The Real Science Behind What We Eat
Wu is an eighteen-year-old boy from China. He weighs 175 kg and has a BMI of 59. Unsurprisingly he has a whole host of medical problems, most of them caused by inflammation. His weight was not due to excessive calories. His food was the standard fare for Chinese teenagers of meat and noodles, and while he was eating slightly more than he should, it was not enough to make him 100 kg overweight. Wu was fortunate to find the clinic of Professor Zhao, a world expert on diet and gut bacteria, who examined his gut and discovered it had been colonized by Enterobacter, an aggressive bacteria that provokes inflammation. Professor Zhao put Wu on a diet that encouraged friendly bacteria growth in his gut. The diet was gluten free, free from meat, and high in fiber, comprising legumes, oats, peanuts, and Chinese herbs. After just nine weeks Wu lost 30 kg. After four months he lost 51 kg. After six months the Enterobacter bacteria was undetectable, Wu’s hunger vanished, and his inflammatory markers were normal. As an experiment Professor Zhao took Wu’s bacteria and implanted it into lean mice. Within one week the mice were fat, had diabetes, inflammation, and high blood lipid levels. The experiment was repeated by implanting different strains of gut bacteria from obese humans into lean mice, and in every case the lean mice became fat and unhealthy. To date, Professor Zhao has replicated Wu’s success with over 1,000 obese people.
What follows is the story of how good gut bacteria can restore health, prevent obesity, improve mental health, and help with a wide range of diseases that have inflammation at their root. The story is told by Professor Tim Spector of Kings College, London. Professor Spector is one of the world’s leading genetic epidemiologists and the author of over 500 peer-reviewed studies. He is also the world expert on twins, and it is his study of identical twins that allows him to determine the genetic and lifestyle influences upon health.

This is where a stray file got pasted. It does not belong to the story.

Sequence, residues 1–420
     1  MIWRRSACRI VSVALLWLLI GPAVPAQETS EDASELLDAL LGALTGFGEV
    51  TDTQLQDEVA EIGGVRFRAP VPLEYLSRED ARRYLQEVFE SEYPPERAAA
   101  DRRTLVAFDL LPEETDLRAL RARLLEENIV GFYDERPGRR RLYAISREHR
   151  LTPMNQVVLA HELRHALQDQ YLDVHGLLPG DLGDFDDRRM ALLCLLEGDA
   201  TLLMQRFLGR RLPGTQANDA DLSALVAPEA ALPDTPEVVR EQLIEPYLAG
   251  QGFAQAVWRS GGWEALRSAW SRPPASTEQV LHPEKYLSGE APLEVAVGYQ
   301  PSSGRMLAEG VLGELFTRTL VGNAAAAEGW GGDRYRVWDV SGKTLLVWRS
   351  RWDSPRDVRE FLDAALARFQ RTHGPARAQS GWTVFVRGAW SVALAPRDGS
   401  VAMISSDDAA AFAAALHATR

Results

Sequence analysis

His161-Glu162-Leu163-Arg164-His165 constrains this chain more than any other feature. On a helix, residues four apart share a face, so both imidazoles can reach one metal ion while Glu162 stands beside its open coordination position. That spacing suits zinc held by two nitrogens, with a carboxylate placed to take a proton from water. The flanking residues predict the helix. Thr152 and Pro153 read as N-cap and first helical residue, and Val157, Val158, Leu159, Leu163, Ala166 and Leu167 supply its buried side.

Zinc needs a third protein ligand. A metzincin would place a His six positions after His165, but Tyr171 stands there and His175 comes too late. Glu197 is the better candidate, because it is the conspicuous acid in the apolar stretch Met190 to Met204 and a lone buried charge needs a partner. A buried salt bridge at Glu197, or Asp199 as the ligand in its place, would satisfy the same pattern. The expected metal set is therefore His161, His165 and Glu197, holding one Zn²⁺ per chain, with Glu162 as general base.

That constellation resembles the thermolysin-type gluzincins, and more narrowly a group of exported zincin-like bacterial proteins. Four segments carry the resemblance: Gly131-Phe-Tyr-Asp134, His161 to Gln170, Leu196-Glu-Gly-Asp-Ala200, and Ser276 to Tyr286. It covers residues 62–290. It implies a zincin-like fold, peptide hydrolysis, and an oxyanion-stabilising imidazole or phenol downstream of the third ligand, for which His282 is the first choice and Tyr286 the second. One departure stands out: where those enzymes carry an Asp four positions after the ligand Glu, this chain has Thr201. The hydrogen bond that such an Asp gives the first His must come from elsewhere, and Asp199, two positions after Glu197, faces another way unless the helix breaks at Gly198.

Professor Spector began to look at bacteria because he wanted to understand why two people, even two identical people, eating exactly the same food have different results. Some will get fat and ill, some will have heart disease, others will not. He took a large group of identical twins and overfed them by 1,000 calories a day with the same food. Their daily movement was closely monitored and controlled. At the end of the study all the twins had put on weight. This was expected. What floored Professor Spector’s team was that within the same set of identical twins the amount of weight gain was different. Vastly different. One twin put on as much as 14 kg, while the other put on as little as 3 kg. As the twins were identical this was not due to genes. In fact, Professor Spector estimated that genes only account for 60% of health problems. Genes alone do not explain why rates of obesity in Australia are rising faster than just about anywhere else. According to the medical journal the Lancet, 63% of adult Australians are now overweight. Or why Malaysia and the Gulf States have levels of diabetes approaching 50% of the population. Or why Egypt is faced with an unprecedented obesity crisis. Or why there are 1 billion obese people in China and India. And all of these people are at risk of inflammatory diseases ranging from dementia to heart disease. Genes alone do not explain why 50% of Aborigine males in Australia die before the age of forty-five. What Professor Tim Spector discovered is that two people eating the same diet have different illnesses due to gut bacteria and an interaction between genes and bacteria. Just as aggressive gut bacteria caused by poor diet made eighteen-year-old Wu obese, it also made the twins in his study obese. He and his fellow researchers also discovered that bad gut bacteria produces huge amounts of inflammation, which is at the root of almost every modern, major disease.